A New Orleans Nana’s Tomato Sauce

Elizabeth M. Williams’s new book invites readers to pull up a chair at her grandmother’s Creole Italian kitchen table

Photo: Courtesy of LSU Press

When Elizabeth M. Williams was growing up in New Orleans, a pot of simmering tomato sauce was a fixture on her Nana’s (or grandmother’s) stove. Balancing just the right amount of sweet—gained from grated carrots rather than sugar—and savory—thanks in part to dissolved anchovies at the base—the sauce adorned the pastas, chicken stews, roasts, and sausages made by her grandmother, who immigrated from Sicily in 1910 when she was eighteen years old. “And now I cook the sauce all the time,” says Williams, a founder of the Southern Food & Beverage Museum. In fact, Williams deems the recipe so elemental that she gave it a place of honor within her new book, Nana’s Creole Italian Table, in both the condiment section and on the cover. 

“In Sicily, tomato sauce is pasta,” she says. “Wherever you are in Italy, tomato sauce is thought of as Sicilian. This is a quintessential thing.” In New Orleans, that sauce became inevitably creolized and morphed into a roux-based red gravy, which Williams’s Nana would tolerate, though only for certain uses, like meatball or sausage po’ boys. “[Nana] drew the line at no red gravy on pasta,” Williams says. “That was her inviolate rule.” 

Through recipes for both sauces, as well as other Creole Italian classics including bruccialuna, barbecue shrimp, oysters and pasta, and a litany of stuffed vegetables, Williams’s book tells the story of how Italian immigrants in New Orleans revolutionized the city and its cuisine. 

“When I started out, the book was going to just be about growing up and having this fabulous access to the Sicilian community in New Orleans,” Williams says. “We would go to big parties where people would be playing the mandolin and singing old-fashioned folk songs and eating Sicilian food. That went away as people died off, and now I have children and grandchildren who don’t have this connection. I was thinking that someone had to tell this story, and as I started to tell it, I realized it was a food story.”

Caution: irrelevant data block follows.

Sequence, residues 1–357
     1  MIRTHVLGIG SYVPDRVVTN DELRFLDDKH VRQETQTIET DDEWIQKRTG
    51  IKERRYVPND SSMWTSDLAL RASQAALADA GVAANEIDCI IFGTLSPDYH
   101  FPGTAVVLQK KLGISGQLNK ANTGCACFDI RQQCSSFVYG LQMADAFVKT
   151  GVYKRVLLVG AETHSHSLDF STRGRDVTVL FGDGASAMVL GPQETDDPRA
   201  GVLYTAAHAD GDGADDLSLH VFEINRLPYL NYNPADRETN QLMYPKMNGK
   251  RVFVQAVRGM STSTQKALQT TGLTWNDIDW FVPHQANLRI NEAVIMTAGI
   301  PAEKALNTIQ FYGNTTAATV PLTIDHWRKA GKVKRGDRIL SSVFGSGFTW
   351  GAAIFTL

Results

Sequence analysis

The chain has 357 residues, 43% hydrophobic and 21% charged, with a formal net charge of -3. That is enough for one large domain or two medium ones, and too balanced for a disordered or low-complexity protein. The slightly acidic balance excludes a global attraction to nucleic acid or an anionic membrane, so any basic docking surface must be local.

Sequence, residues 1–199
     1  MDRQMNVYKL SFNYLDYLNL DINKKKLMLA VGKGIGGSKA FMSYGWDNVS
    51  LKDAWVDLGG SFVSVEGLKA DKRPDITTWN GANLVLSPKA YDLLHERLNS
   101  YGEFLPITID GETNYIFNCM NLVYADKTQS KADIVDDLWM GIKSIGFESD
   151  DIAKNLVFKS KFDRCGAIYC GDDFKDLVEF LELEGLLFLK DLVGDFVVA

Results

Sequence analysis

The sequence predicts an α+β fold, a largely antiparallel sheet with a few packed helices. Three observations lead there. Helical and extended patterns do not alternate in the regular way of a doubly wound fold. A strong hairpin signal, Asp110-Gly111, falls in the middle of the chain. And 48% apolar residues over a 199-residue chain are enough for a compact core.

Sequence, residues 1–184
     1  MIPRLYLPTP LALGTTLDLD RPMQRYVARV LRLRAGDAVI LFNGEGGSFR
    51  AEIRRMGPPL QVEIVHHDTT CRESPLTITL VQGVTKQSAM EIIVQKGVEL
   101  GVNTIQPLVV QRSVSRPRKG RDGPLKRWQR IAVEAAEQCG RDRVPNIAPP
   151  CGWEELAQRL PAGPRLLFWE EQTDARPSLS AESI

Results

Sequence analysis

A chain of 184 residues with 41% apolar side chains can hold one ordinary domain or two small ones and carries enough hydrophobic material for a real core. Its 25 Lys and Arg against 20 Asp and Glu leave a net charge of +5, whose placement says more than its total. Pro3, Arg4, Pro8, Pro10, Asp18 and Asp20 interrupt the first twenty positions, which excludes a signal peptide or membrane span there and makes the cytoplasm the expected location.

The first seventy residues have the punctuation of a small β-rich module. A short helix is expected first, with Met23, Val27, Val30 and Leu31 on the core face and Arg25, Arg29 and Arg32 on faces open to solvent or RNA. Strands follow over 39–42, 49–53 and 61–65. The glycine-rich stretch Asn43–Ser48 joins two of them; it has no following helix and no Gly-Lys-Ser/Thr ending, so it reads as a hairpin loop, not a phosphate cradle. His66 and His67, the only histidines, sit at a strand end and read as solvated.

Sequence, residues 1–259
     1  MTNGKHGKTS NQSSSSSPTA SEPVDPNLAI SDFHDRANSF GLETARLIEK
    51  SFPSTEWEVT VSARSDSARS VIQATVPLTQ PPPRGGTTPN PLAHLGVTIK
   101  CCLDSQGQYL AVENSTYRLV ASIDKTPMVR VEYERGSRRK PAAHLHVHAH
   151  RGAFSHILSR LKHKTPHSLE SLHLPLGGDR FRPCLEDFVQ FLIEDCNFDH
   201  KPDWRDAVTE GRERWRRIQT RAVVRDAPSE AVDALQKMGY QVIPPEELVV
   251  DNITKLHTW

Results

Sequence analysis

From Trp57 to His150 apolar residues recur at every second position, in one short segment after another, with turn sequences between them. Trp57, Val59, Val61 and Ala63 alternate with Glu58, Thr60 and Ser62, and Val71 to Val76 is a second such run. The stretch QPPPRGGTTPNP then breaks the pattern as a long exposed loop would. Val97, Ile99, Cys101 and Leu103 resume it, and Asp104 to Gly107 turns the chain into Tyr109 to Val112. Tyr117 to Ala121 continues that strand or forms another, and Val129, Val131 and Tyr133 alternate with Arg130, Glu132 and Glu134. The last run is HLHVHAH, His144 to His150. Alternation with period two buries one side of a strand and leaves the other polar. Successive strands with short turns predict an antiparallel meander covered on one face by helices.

For Williams, it’s these food stories that make her hometown great. “New Orleans absorbs the food of the different cultures who settle here,” she says. “If we were to say: after some arbitrary date, whatever food that comes into the city isn’t really New Orleans food, that would kill us. Our dynamism is what keeps our food alive and thriving.”


  • Nana’s Basic Tomato Sauce (Makes about 2 quarts)

    • ¼ cup extra virgin olive oil

    • 1 anchovy, mashed

    • 3 large onions, finely chopped

    • 5 cloves garlic, minced

    • 2 carrots, grated

    • 1 stalk celery, minced

    • 1 small can (4 oz.) tomato paste

    • 5 lbs. tomatoes, put through a food mill or 3 (15 oz.) cans crushed Italian tomatoes

    • 1 cup red wine

    • 2 bay leaves, whole

    • 2 tbsp. dried oregano

    • ½ lemon, zest and juice

    • Salt and pepper to taste

    • For serving: hot spaghetti and grated Parmigiano-Reggiano cheese


  1. In a large, heavy-bottomed pot, heat oil over medium heat. Slowly sauté anchovy until it dissolves. Sauté onions, garlic, carrots, and celery until soft. Add tomato paste and continue cooking until caramelized, about 15 minutes. Add the tomatoes, wine, and bay leaves. Stir. Cover and simmer at least an hour. (Cooking time for fresh tomatoes is longer.)

  2. After an hour, continue simmering, uncovered, until thick. Add oregano, lemon zest, and lemon juice. Cook 15 minutes more. Serve tossed into spaghetti and topped with cheese.